How Lucasfilm Really Works

Kathleen Kennedy Lucasfilm Chief

Lucasfilm's Power Structure

When Lucas sold the company, Kathleen Kennedy became Lucasfilm's president and Star Wars brand manager. Kennedy is one of the most accomplished producers in Hollywood history, best known for her works alongside Steven Spielberg. Several of Kennedy's movies are critically-acclaimed box office hits, which made her the ideal choice. Lucas was so confident in Kennedy's qualifications, he handpicked her himself to run Lucasfilm. Kennedy reports to Disney Chairman Alan Horn, though as producer of all the new Star Wars movies, she makes the calls in that realm - including the tough ones (Lord & Miller).

Related: Lucasfilm Planning Next 10 Years of Star Wars

However, Kennedy is not the only person in a position of power at the studio. Most notably, Dave Filoni was promoted in 2016 to manage Lucasfilm Animation and is the creative force behind the likes of Clone Wars, Rebels, Forces of Destiny, and eventually Resistance. Additionally, the aforementioned Kiri Hart serves as Vice President of Development and is lead of the story group. She's so involved with Star Wars projects, she was a producer on Rebels and co-produced Rogue One with Kennedy. While Lucasfilm does run things mostly autonomously, they will run some things by Disney (like killing Han Solo) before moving ahead.

How Lucasfilm Makes Movies

Lucasfilm wasted no time in confirming plans for a bevy of new films after the Disney acquisition. In addition to the long-awaited sequel trilogy set in the Skywalker saga, the studio announced they wanted to further expand their cinematic universe with spinoff anthology films that told different stories. Prior to the sale, George Lucas had actually spent a year developing a treatment for more movies, but Lucasfilm later discarded his ideas to go off in a different direction. To be fair, they did maintain some of Lucas' concepts, but there were some notable differences.

Related: Everything We Know About George Lucas' Sequel Trilogy

When working on a film, the studio's first order of business seems to be hiring a director and/or writer (sometimes they're one and the same). While Kennedy earned an infamous reputation for public splits with Phil Lord & Chris Miller and Colin Trevorrow in 2017, she is willing to (mostly) give the filmmakers creative control. Rian Johnson expressed several times in the build-up to The Last Jedi there was no mapped out arc for the sequel trilogy, and all he had to do was follow The Force Awakens how he saw fit. Lucasfilm has various departments that handle the pre-production responsibilities, creating costumes, props, and sets for the movies. Initially, Kennedy tried to give young upstarts a chance at playing in the Star Wars sandbox, but numerous failures has led her to lean more on established hands for the time being.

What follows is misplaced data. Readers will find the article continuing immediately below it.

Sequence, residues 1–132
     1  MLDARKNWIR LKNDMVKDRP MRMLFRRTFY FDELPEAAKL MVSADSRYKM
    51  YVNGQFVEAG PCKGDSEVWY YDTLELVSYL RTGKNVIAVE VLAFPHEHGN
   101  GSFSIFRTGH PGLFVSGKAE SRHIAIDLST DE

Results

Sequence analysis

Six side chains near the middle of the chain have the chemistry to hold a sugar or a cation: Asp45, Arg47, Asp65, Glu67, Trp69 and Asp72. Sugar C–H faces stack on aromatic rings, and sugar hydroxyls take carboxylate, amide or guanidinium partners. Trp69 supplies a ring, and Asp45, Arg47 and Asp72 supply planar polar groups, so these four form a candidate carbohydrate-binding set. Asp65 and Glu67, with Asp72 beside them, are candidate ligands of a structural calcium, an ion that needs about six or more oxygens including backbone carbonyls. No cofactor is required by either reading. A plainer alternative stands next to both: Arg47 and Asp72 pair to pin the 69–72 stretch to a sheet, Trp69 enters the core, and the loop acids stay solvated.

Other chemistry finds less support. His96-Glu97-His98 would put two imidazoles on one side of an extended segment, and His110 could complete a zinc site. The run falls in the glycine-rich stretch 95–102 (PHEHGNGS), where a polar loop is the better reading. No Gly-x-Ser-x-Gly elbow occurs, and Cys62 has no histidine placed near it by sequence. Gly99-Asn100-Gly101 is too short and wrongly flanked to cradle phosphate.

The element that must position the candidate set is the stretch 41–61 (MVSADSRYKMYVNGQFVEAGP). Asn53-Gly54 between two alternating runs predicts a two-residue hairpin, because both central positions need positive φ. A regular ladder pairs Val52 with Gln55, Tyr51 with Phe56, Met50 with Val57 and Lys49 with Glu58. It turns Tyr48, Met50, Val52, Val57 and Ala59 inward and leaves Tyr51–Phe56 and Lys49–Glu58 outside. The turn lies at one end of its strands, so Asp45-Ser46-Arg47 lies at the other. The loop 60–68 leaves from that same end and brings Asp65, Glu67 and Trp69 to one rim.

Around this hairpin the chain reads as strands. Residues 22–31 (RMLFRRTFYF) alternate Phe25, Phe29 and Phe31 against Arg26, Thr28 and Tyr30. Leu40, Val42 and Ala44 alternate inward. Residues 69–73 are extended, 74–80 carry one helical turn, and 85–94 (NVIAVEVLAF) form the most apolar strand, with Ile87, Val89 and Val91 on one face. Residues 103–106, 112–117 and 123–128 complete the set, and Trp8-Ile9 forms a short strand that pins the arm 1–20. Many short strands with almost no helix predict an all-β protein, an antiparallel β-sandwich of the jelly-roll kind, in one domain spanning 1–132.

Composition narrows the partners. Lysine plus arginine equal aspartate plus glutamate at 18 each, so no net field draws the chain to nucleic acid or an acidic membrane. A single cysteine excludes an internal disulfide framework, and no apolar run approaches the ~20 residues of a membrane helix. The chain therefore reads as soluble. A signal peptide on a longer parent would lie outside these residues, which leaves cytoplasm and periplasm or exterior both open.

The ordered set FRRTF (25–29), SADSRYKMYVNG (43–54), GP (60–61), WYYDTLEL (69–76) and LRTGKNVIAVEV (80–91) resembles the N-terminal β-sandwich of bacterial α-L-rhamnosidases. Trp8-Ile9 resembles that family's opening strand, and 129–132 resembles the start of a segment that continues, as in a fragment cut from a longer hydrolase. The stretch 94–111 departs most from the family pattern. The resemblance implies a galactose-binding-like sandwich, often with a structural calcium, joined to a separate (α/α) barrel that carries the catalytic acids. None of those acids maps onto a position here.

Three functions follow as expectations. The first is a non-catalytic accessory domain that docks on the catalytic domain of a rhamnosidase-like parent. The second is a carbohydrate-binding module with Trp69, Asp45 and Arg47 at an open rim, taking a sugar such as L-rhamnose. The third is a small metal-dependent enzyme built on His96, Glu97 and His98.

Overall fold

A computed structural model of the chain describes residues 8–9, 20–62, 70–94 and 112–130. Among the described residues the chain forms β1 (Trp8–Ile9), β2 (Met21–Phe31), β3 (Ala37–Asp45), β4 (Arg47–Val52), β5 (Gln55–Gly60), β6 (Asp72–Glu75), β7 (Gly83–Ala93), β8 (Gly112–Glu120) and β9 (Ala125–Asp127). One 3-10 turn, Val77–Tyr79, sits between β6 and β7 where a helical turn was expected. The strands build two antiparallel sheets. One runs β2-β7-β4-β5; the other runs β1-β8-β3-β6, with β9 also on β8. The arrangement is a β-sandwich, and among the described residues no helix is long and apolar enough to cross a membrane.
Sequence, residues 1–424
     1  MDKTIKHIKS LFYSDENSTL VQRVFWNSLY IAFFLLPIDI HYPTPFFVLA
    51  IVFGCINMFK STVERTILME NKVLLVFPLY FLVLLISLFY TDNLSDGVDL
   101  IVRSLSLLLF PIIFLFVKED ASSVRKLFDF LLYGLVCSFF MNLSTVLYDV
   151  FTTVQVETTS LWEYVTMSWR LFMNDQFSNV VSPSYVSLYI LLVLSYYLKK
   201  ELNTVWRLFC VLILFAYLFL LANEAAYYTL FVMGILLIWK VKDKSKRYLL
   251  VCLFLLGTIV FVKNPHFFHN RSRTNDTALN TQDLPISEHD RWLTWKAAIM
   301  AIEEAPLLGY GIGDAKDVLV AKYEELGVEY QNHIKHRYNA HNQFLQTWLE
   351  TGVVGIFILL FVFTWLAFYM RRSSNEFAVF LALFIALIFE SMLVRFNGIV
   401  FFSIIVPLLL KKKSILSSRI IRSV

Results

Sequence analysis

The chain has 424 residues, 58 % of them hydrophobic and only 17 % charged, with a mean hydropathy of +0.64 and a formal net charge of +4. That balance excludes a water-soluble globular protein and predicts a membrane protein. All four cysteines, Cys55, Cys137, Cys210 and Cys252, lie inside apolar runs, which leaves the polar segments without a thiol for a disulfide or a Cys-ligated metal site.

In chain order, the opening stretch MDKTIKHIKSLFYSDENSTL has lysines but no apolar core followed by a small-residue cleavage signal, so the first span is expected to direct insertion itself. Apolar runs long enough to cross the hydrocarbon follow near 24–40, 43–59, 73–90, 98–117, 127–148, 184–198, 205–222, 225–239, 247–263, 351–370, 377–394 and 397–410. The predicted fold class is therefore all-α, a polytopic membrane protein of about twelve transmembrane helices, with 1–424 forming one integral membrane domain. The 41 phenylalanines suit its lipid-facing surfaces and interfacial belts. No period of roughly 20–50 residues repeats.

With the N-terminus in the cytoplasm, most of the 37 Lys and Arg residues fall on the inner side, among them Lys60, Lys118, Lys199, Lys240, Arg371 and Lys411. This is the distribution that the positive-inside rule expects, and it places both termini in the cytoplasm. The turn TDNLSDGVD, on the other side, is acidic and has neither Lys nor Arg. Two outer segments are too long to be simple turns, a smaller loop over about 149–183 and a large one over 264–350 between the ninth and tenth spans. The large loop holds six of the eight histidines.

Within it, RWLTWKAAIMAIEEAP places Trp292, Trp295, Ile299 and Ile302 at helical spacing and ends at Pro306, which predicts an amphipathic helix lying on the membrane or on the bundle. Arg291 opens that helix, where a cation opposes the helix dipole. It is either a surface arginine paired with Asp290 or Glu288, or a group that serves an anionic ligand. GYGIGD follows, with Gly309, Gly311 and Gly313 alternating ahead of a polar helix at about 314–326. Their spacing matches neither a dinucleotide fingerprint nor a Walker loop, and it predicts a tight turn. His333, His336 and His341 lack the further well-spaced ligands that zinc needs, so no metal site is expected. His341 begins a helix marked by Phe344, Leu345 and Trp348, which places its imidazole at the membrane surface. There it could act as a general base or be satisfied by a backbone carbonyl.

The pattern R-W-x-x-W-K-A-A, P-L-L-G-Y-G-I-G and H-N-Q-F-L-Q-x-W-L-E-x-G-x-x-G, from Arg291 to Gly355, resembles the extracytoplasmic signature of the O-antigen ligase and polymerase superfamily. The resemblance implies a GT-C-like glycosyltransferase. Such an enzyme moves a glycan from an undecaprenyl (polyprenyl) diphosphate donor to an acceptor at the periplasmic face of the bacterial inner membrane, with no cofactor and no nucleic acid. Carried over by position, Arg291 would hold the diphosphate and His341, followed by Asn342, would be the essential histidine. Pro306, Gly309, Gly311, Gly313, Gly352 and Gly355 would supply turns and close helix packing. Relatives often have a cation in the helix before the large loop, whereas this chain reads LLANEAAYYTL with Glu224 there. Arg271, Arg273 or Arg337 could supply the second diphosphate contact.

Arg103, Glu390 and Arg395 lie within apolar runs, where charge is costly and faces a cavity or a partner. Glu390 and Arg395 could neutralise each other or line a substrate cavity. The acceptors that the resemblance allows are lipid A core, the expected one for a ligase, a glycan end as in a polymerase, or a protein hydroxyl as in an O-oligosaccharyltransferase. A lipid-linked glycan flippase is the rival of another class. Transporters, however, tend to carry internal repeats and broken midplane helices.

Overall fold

Since each movie introduces new characters to the lore, there's always extensive searches for talent to fill the needed roles. In classic Star Wars fashion, newcomers are frequently picked for headliners, but the studio isn't against bringing in well-known names. For instance, Solo's ensemble includes A-listers like Woody Harrelson, Emilia Clarke, and Donald Glover. As evidenced by the 2,500 thespians who auditioned for young Han Solo, Lucasfilm doesn't take casting responsibilities lightly and always looks for the best choice for the part.

Obviously, the three episodes of the sequel trilogy are all part of the same narrative, but there's no requirement for the spinoffs to be overtly tied to the saga films. There are of course references and Easter eggs to be found, but Star Wars is different from Marvel in the sense that it doesn't all have to be connected. That makes the anthologies appealing for filmmakers, since they can come in and do something unique that isn't burdened by four decades of storytelling.


Lucasfilm has changed substantially over its years of existence, and while Kennedy experienced some growing pains during her tenure, she seems to have Star Wars in a place where it can thrive for years to come. The new movies continuously rake in box office cash and score positive reviews, meaning demand for more projects is high. Star Wars is one of the most dominant franchises in the industry for a reason, and it should remain that way.

MORE: What Star Wars Movies Are Coming Out?

Key Release Dates
  • Solo: A Star Wars Story (2018) release date: May 25, 2018
  • Star Wars 9 / Star Wars: The Rise of Skywalker (2019) release date: Dec 20, 2019
  • Indiana Jones 5 (2021) release date: Jul 09, 2021
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